I suppose you will say there is nothing physical - its simply a consequence of the LT and the postulates of SR or whatever theory that yields the same results. Still, there is a curious energy relationship between the CEA frame and the R clock that corresponds to effective time dilation in a G field - so maybe physical factors are in some way at work. For me, the purpose of examining the subject is fulfilled in finding a convenient geometry - you may not find the ECA-R thought experiment of value - I consider it a useful framework
You didn't really answer my question--what criteria are you using to decide that the ECA frame is the "physical" one here? The fact that all clocks run at a uniform rate in this frame? The fact that E, C, and A are at rest in this frame (and that R was originally too, perhaps?) And can you also explain how the same criteria lead you to conclude that the "stationary frame" in Einstein's thought-experiment is the only physical one? Or do you not have any set of universally-applicable criteria for deciding which frame is the physical one in any situation, and it's just a sort of case-by-case, "know it when I see it" sort of thing?

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Jesse - didn't mean to convey that one frame is physical - or more physical -- what I was trying to structure is a way to evaluate the underlying cause that appears as a physical difference (clocks running at intrinsically different rates) - physics is basically a study of relationships - we make experiments and from those we deduce that two charges repell each other with a certain force - but we don't have a good concept of what charge is - where it comes from etc - physics deals with relationships for the most part

So I am interested in the relationship between the situation when all clocks were at rest in the same frame and later when one has been but into motion. The ECA is not a better physical frame and it is not privileged with regard to the universe at large - but the relationship that evolves by considering the R clock to be following a circular path centered on C is useful - It is a springboard for making a prediction which you will no doubt challenge - namely, that any clock given a linear acceleration wrt to an inertial frame will run at an intrinsically lower rate at all times when compared to any clock in the inertial frame which has not been accelerated.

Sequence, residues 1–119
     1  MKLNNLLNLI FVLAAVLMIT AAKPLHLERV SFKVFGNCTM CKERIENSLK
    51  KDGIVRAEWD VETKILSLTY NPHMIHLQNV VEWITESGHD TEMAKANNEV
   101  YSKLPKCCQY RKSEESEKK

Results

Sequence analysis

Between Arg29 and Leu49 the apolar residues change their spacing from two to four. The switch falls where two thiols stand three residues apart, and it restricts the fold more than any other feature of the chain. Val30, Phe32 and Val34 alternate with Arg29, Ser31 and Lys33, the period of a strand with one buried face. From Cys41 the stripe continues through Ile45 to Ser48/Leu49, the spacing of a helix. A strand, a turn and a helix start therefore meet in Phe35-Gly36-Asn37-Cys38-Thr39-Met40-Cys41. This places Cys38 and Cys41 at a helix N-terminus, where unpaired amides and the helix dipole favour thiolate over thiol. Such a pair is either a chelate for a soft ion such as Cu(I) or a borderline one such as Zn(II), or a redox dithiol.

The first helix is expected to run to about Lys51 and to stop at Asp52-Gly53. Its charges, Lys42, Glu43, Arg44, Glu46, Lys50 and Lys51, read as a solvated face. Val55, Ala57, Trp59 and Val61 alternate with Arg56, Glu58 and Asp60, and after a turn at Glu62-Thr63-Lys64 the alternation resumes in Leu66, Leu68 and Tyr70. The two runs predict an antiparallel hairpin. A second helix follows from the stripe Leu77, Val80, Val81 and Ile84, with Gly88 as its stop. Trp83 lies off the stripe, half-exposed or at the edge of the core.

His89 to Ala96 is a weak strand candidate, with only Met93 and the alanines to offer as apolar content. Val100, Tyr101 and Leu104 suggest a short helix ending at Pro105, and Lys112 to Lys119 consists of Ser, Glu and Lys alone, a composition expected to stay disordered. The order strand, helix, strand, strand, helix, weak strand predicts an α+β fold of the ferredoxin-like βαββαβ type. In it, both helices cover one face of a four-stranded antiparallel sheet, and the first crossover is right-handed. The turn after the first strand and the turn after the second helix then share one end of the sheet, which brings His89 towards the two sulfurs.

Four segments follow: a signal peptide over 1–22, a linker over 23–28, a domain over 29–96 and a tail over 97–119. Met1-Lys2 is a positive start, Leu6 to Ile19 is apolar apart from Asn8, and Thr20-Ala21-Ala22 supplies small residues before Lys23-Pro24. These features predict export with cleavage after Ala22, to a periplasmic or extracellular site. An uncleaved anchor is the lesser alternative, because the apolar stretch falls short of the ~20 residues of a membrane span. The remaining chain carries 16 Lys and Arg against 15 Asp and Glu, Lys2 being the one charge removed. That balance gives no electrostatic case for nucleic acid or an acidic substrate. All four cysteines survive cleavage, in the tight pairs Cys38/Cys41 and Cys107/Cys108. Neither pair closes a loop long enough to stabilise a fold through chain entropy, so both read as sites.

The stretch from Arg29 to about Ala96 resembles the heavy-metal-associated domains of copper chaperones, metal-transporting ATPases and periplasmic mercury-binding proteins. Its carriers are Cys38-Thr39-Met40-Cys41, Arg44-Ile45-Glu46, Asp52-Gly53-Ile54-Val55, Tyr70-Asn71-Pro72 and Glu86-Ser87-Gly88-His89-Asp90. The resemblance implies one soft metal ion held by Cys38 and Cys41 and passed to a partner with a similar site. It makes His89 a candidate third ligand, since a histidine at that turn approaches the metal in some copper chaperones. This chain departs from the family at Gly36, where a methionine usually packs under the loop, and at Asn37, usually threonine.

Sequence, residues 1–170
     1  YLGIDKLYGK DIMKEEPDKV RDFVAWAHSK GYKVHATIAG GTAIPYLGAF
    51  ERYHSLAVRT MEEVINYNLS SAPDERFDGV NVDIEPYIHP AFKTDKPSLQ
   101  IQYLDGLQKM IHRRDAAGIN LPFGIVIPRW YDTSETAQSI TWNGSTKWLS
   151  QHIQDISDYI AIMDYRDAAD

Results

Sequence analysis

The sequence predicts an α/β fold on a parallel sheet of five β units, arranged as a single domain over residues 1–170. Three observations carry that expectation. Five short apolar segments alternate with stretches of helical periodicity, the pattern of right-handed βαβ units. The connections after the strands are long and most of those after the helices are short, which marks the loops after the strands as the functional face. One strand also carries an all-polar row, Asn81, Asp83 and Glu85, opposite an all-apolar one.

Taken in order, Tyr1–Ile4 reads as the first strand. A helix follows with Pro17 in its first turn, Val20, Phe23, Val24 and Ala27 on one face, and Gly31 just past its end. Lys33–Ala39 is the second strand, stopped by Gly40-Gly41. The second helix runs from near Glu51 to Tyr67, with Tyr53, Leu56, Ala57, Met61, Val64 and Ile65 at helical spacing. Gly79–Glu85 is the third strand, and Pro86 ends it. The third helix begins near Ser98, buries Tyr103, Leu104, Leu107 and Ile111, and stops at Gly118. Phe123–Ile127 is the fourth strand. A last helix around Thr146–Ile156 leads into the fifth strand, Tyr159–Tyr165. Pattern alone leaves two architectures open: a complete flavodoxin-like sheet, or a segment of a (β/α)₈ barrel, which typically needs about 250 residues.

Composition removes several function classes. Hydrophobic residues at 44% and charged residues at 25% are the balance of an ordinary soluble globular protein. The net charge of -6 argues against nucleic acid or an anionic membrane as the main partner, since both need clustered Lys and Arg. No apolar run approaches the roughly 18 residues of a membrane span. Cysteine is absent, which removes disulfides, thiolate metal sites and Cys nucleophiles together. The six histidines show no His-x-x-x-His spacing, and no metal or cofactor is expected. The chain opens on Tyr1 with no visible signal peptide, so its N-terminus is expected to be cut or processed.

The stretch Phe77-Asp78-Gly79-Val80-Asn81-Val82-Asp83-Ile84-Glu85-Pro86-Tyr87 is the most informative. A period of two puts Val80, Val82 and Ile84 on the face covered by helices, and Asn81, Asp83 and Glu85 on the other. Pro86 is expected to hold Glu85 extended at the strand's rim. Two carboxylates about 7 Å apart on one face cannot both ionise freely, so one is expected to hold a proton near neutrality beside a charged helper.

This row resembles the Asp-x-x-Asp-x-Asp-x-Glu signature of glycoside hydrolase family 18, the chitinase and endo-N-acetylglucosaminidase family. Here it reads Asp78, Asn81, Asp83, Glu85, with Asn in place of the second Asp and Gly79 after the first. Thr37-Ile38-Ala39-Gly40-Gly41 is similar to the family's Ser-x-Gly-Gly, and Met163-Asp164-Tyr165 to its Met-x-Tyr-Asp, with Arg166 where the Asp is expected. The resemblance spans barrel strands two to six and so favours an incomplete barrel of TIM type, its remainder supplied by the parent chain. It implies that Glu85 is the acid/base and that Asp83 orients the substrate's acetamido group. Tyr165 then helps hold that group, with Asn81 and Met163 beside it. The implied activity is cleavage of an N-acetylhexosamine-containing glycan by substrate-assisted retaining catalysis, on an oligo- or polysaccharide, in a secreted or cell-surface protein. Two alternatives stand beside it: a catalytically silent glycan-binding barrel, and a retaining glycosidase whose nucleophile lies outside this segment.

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JesseM
yogi said:
Jesse - didn't mean to convey that one frame is physical - or more physical
Then what exactly did you mean when you said "you can make it hard and do the analysis from any frame - but it obscures the physics - its a great mathematical exercise"? Were you not saying that one frame's analysis is "the physics" while the other frame's analysis is a mere "mathematical exercise"?
yogi said:
-- what I was trying to structure is a way to evaluate the underlying cause that appears as a physical difference (clocks running at intrinsically different rates) - physics is basically a study of relationships - we make experiments and from those we deduce that two charges repell each other with a certain force - but we don't have a good concept of what charge is - where it comes from etc - physics deals with relationships for the most part

So I am interested in the relationship between the situation when all clocks were at rest in the same frame and later when one has been but into motion. The ECA is not a better physical frame and it is not privileged with regard to the universe at large - but the relationship that evolves by considering the R clock to be following a circular path centered on C is useful - It is a springboard for making a prediction which you will no doubt challenge - namely, that any clock given a linear acceleration wrt to an inertial frame will run at an intrinsically lower rate at all times when compared to any clock in the inertial frame which has not been accelerated.